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Post by aukepalmhof » Tue Apr 19, 2011 9:03 pm

As given by Mr. Wilson the vessel depict on the 67p stamp is the ASCANIA (II) ... =9&t=11173

Built as a passenger-cargo vessel under yard No 971 by Armstrong Whitworth Co., High Walker-upon-Tyne for the Cunard Steamship Co. Ltd., Liverpool.
20 December 1923 launched as the ASCANIA (II) she was No 5th of the A class of the Cunard Line, of this class six ships were built.
Tonnage 14,013 gross, 8,537 net. Dim. 164 x 19.9m., length bpp.158.5m.
Powered by two geared steam turbines, manufactured by the shipbuilder, 8,500 shp., twin shafts, speed 15 knots.
Accommodation for 500 cabin and 1,200 third class passengers, crew 270.
Due to cost overrun was she not completed until 02 May 1925.

22 May 1925 she sailed from London where she had loaded cargo, then via Southampton embarking her passengers to Quebec and Montreal in Canada. When the St Lawrence River was frozen she shifted to Halifax
1927 She made also calls at Cherbourg, France, that year in July she got also her accommodation changed to cabin, tourist and third class.
October 1934 she received a S.O.S. from the British cargo steamer MILLPOOL underway from Danzig to Montreal that she was in trouble and needed assistance, when the ACSANIA arrived at the position she started to search for wreckage or survivors, after 12 hours the search was called off, and it is believed that the MILLPOOL was foundered in 53 30N 37 10W on 03 October 1934 with the loss of all crew.
December 1934 she rescued some of the crew of the sinking British cargo vessel USWORTH in mid Atlantic. First 14 men were taken off by a lifeboat of the JEAN JADO but the lifeboat capsized drowning 12 men of the survivors and 2 men of the crew of the lifeboat.
When the USWORTH was sinking the ASCANIA lowered a lifeboat on the 14th and the last 9 men were taken off. In total 17 men lost their live in this tragedy. The USWORTH sank in a position 48 10N 31 49W on 14 December 1934.
March 1937 again changed to cabin and third class.
01 July 1938 she sailed from Quebec and travelling down the St Lawrence River when it struck the submerged Alcide Rocks near Bic Island. Damage on the port side and four of her holds were flooded, and one propeller was damaged. She got firmly stuck on the rocks.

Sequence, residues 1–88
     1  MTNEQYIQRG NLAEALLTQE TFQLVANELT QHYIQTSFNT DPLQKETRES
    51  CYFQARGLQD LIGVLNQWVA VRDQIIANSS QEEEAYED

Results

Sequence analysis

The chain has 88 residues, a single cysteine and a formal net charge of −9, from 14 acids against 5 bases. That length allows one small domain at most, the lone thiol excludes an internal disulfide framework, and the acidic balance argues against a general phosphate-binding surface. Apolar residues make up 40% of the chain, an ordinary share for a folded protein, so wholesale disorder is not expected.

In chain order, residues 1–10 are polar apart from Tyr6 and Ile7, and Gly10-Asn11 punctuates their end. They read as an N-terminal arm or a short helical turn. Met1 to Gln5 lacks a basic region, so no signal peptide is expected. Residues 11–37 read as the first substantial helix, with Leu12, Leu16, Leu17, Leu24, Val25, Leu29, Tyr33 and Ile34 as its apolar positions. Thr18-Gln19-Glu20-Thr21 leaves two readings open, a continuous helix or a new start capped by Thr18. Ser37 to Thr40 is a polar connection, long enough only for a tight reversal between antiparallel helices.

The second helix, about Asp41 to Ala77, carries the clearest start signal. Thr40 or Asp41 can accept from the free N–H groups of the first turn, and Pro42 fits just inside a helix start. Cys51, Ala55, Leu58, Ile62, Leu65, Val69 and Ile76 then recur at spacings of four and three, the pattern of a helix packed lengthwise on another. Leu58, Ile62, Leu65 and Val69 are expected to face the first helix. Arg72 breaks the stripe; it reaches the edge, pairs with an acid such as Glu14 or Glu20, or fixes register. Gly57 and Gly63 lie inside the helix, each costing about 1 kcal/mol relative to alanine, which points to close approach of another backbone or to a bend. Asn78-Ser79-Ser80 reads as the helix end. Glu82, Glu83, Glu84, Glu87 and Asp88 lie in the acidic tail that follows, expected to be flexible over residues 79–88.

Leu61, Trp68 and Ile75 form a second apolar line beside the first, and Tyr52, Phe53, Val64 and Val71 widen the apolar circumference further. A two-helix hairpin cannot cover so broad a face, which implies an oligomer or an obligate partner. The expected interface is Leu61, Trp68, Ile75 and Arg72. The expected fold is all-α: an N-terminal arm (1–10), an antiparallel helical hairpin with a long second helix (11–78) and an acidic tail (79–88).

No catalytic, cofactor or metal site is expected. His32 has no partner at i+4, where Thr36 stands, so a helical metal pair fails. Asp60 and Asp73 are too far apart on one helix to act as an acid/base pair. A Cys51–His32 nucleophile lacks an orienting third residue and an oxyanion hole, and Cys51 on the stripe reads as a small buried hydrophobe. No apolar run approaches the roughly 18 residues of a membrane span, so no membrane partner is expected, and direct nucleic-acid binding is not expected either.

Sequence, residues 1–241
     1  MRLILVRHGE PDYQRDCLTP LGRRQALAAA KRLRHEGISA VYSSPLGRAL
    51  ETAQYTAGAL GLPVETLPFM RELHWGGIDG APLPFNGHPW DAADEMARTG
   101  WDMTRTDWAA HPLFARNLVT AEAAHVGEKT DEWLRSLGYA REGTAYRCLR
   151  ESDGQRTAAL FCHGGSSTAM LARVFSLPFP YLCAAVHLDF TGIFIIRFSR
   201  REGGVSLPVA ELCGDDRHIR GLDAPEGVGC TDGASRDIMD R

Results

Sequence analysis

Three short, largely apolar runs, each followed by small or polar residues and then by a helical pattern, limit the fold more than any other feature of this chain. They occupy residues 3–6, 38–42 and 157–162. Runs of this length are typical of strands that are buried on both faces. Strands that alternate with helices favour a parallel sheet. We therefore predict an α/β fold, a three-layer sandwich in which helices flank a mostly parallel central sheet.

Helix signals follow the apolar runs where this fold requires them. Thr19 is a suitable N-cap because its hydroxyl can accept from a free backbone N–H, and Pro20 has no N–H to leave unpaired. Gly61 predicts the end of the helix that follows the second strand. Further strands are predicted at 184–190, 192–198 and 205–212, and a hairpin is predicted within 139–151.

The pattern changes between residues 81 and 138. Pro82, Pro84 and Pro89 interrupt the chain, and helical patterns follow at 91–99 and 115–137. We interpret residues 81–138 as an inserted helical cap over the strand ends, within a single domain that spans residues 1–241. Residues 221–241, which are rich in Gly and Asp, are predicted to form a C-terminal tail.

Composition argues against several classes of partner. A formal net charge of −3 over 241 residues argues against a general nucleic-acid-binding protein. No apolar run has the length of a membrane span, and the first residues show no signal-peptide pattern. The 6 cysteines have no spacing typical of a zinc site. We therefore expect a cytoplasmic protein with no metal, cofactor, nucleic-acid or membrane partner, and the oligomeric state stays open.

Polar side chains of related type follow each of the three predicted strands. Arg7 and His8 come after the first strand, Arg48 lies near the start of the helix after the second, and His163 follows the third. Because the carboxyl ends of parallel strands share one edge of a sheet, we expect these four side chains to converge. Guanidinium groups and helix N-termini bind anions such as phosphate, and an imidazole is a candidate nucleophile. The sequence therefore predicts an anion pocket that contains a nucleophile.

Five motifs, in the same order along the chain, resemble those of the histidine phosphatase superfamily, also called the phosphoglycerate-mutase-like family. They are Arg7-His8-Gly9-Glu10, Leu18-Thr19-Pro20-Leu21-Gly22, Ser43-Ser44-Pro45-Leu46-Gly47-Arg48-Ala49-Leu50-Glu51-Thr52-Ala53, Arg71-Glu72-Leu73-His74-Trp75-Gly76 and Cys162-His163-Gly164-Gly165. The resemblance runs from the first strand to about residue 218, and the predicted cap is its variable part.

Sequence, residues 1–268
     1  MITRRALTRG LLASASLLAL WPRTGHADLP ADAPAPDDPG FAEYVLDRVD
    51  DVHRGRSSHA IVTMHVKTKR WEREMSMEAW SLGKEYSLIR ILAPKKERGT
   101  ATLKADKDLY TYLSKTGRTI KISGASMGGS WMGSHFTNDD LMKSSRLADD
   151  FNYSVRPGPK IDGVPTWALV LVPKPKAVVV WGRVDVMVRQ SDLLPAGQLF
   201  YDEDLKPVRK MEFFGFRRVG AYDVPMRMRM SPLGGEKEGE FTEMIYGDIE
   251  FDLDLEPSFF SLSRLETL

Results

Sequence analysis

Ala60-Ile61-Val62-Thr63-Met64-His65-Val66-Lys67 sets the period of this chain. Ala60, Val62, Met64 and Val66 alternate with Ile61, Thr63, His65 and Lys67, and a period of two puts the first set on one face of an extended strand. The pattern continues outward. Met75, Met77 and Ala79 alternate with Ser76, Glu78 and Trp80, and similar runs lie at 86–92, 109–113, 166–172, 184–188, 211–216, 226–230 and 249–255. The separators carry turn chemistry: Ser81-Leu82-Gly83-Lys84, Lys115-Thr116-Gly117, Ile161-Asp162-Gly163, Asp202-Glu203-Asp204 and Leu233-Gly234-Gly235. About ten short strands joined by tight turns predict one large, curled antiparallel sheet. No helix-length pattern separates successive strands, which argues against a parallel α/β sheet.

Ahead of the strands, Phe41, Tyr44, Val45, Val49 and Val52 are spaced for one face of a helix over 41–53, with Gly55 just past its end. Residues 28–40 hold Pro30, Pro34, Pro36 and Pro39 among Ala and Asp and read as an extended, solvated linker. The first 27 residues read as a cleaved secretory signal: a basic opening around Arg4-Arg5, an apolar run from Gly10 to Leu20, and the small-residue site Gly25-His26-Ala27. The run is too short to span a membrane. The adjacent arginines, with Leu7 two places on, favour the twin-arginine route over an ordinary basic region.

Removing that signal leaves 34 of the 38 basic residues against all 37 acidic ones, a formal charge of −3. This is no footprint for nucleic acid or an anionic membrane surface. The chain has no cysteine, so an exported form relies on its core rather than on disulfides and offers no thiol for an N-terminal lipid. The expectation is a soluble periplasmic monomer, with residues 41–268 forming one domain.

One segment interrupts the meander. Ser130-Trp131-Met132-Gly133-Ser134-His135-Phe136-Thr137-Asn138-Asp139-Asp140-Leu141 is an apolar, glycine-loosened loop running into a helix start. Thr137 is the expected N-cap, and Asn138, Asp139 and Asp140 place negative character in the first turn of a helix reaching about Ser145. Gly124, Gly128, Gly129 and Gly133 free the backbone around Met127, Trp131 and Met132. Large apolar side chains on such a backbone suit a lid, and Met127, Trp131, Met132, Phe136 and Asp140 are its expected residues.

06 July refloated and towed back to Quebec where she was dry-docked and repaired.
26 August again in service.
12 August 1939 she made her last sailing from London via Southampton to Quebec and Montreal.
28 August 1939 was she requisitioned by the Royal Navy.
Converted by Cammell Laird in Birkenhead in an Armed Merchant Cruiser from 06 September till 16 October 1939.
Armament: 8 – 6 inch and 2 – 3 inch HA guns.
04 September 1939 commissioned as HMS ASCANIA (F 68)
From October 1939 until May 1940 in the Halifax Escort Force in the 3rd Battle Squadron.
June 1940 until April 1941 in the Bermuda & Halifax Escort Force thereafter until October 1941 again in the Halifax Escort Force.
06 May 1941 escorted convoy HX 125 sailing from Halifax with other Royal Navy warships.
28 August 1941 received orders to look and search for a German Hipper class cruiser in the North Atlantic.
October 1941 she left the Clyde bound for the Middle East as an escort of a convoy to the Middle East via Freetown and the Cape of Good Hope. In Port Elizabeth, South Africa she was detached from the convoy and dispatched to Colombo, Ceylon.
From there she sailed via Freemantle and Melbourne to Auckland
November 1941at the New Zealand Station, from where she made patrols in the Pacific around New Zealand and Fiji.
August 1942 she left New Zealand via the Panama Canal where after she joined a convoy on the USA East Coast bound for the U.K.

After arrival in the U.K. she was converted in an Assault Landing Craft (Infantry). (AMC)
Took part in the landings in Sicily and Salerno and in 1944 in the Anzio landings.

Later in 1944 became a troop transport and used in this roll until September 1947.
September 1947 handed back to Cunard.
20 December 1947 re-entered commercial sailings from Liverpool to Halifax as a passenger-cargo vessel.
1949 till 1950 Refitted, accommodation for 200 first class and 500 cabin class passengers.
Returned to the Liverpool to Montreal service.
From 1955 used in the Canada service from Southampton.
October 1956 it was announced that she was withdrawn from service, but the Suez Crises gave it a slight reprieve, she made two trooping voyages to Malta.
Sold to British Iron & Steel Corporation.
01 January 1957 arrived at the breakers yard of J. Cashmore, Newport, Monmouthshire.

Isle of Man 2011 69p sg1645, scott?.

Source: Armed Merchant Cruisers 1878-1945 by Osborne, Spong & Crover. Dictionary of Disasters at Sea during the age of steam 1824-1962 by Charles Hocking. Various other web-sites. North Atlantic Seaways N.R.P. Bonsor. Merchant Fleets in Profile 2 by Duncan Haws.

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